Patrick Dove

Patrick Dove

Professor, Spanish and Portuguese

Education

  • Ph.D., Comparative Literature, State University of New York at Binghamton, 2000
  • M.A., Philosophy, SUNY-Binghamton, 1996
  • B.A., Comparative Literature, University of Wisconsin, 1992

Affiliations

  • Comparative Literature
  • Cultural Studies
  • Latin American and Caribbean Studies
  • Center for Theoretical Inquiry in the Humanities

About Patrick Dove

My research explores intersections between literature, philosophy, and political thought in Spanish America. My first two books explored literary responses to problems associated with modernity and modernization in Spanish America. I look at novels, short stories, and poems as cultural artifacts that possess a double potentiality. On one hand, these works are records of historical experience that can generate insight into the struggles and contradictions of their time; on the other, they give shape to efforts to disrupt the spell of the present and to envision alternatives to the existing orders in which they are written. This double register requires that every literary text be treated both as an historical object informed by extra-literary contexts and as a self-referential gesture whose meaning is shaped by language and creative processes.

I am currently working on a project that examines new forms of conflict and violence in Central America (Guatemala, El Salvador, Nicaragua) in contexts of narco-capitalism, gang violence, migration and flight. I am interested in exploring how the past (recent experiences of revolution, civil war and counter-insurgency as well as older colonial and imperial histories) contributes to shaping present-day conflicts, while also looking at how contemporary experiences pose challenges to established ways of thinking about social conflict and violence. In addition to literary works, I also look at journalism, film, and other visual media.

Specializations

  • 20th Century Spanish American Narrative
  • Political thought
  • Continental Philosophy
  • Psychoanalysis
  • literary theory

Selected publications

Book
  • Literature and “Interregnum”: Globalization, War and the Subjugation of Sovereignty in Latin America. SUNY Press, 2016.
  • The Catastrophe of Modernity: Tragedy and the Nation in Latin American Literature. Bucknell University Press, 2004.
Selected articles and book chapters
  • “Latin America and the World: Borges, Bolaño and the Inconceivable Universe.” Invited contribution to World Literature: Premises and Problems, ed. Luiza Moreira. Manuscript under review.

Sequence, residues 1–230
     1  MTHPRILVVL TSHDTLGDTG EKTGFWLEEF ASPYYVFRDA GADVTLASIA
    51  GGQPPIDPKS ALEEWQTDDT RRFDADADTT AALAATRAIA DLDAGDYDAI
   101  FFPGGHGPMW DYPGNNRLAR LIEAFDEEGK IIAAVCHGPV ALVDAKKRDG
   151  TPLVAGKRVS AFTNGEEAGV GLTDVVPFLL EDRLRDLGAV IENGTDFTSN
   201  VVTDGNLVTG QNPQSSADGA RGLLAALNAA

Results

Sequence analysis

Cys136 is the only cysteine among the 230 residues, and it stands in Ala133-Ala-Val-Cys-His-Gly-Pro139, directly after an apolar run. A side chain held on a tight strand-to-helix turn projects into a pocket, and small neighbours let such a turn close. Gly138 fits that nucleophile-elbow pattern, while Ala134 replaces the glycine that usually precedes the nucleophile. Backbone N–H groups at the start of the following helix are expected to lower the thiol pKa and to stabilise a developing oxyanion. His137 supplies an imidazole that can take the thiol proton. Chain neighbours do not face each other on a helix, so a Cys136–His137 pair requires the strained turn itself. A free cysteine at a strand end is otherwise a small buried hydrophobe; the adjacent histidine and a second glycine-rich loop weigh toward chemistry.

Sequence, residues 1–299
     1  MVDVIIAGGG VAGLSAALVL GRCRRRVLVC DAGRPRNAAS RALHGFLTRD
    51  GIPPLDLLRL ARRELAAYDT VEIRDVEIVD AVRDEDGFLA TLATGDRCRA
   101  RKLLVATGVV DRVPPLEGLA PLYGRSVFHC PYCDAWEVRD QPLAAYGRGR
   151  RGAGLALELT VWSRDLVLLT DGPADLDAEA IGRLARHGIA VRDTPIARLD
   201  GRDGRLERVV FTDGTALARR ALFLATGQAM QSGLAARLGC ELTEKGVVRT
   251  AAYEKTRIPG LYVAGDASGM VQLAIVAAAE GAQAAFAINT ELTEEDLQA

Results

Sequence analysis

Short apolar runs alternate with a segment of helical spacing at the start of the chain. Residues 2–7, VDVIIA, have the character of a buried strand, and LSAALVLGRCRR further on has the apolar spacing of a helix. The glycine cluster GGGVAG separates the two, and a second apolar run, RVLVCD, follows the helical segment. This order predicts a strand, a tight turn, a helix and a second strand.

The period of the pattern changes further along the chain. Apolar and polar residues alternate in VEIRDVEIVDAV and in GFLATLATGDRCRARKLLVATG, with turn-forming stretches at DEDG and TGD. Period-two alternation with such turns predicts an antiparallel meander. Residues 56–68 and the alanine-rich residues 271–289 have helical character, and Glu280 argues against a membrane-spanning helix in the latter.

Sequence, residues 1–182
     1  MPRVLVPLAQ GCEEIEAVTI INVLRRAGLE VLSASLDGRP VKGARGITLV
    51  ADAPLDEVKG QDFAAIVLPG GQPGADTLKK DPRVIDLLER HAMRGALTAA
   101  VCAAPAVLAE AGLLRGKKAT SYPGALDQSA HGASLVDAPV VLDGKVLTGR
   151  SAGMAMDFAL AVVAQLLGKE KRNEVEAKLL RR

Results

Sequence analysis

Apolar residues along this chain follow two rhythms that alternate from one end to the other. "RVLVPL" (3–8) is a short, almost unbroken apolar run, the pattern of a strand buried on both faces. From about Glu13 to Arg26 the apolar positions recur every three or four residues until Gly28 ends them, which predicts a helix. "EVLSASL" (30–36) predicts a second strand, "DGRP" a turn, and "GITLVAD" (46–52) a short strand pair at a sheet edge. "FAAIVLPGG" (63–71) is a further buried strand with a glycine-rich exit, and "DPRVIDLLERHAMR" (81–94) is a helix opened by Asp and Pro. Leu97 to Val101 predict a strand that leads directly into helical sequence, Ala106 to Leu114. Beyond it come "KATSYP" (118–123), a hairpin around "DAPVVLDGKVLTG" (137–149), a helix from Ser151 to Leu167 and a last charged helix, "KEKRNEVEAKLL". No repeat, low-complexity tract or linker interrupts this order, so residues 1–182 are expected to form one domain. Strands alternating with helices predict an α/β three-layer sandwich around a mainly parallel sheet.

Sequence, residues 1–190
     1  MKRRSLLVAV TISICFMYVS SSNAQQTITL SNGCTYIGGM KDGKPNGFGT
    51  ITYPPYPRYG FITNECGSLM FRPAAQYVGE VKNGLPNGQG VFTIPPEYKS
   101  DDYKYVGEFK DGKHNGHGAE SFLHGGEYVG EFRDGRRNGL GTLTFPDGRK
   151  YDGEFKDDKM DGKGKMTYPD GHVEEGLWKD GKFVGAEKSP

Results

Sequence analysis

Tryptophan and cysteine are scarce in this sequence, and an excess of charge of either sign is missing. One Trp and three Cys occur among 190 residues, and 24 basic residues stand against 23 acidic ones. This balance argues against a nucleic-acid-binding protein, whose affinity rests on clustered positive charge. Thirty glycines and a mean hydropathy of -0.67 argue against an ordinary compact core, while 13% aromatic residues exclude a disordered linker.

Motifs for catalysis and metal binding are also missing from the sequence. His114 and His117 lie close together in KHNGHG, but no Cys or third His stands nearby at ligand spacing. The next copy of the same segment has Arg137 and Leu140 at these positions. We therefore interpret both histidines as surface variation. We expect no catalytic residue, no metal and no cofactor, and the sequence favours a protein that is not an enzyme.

• “The Allegorical Machine: Politics, History, and Memory in Horacio Castellanos Moya’s El sueño del retorno.” Yearbook of Comparative Literature 61 (2017/2015): 174-201.  
  • “Two Sides of the Same Coin? Form, Matter and Secrecy in Derrida, de Man and Borges.” The Marrano Spirit: Derrida and Hispanism, ed. Erin Graff-Zivin. Fordham University Press, 2017.
  • “Hegemony in Latin America.” Invited contribution to The Encyclopedia of Postcolonial Studies: A Metahistory of Material Practices of Power, eds. Alberto Moreiras and José Luis Villacañas. London: Wiley-Blackwell, 2016. http://www.literatureencyclopedia.com/subscriber/ tocnode.html?id=g9781444334982_chunk_g978144433498212_ss1-7
  • “Ayotzinapa: antes y después.” Horizontal (Mexico), 19 January 2016. http://horizontal.mx/author/patrickdove/
  • “The desencuentros of history: Indianismo and Marxism in Bolivia.” Culture, Theory and Critique 56:3 (2015): 313-32.
  • Ayotzinapa, ¿Un tema también de Estados Unidos?” CNN México. 2 December 2014. Web http://www.cnnmexico.com/opinion/2014/12/02/opinion-ayotzinapa-un-tema-tambien-de-estados-unidos
  • “Literature and the Secret of the World: 2666, Globalization and Global War.” CR: The New Centennial Review 14:3 (Fall 2014): 139-61.
  • “Aesthetics, Politics and Event: Borges’s ‘El fin’, the Argentine Tradition and Death.” CR: The New Centennial Review 14:1 (Spring 2014): 25-46.  
  • “Critique of Critique.” Política común: A Journal of Thought 4 (2013). http://quod.lib.umich.edu/p/pc/12322227.0004.008?view=text;rgn=main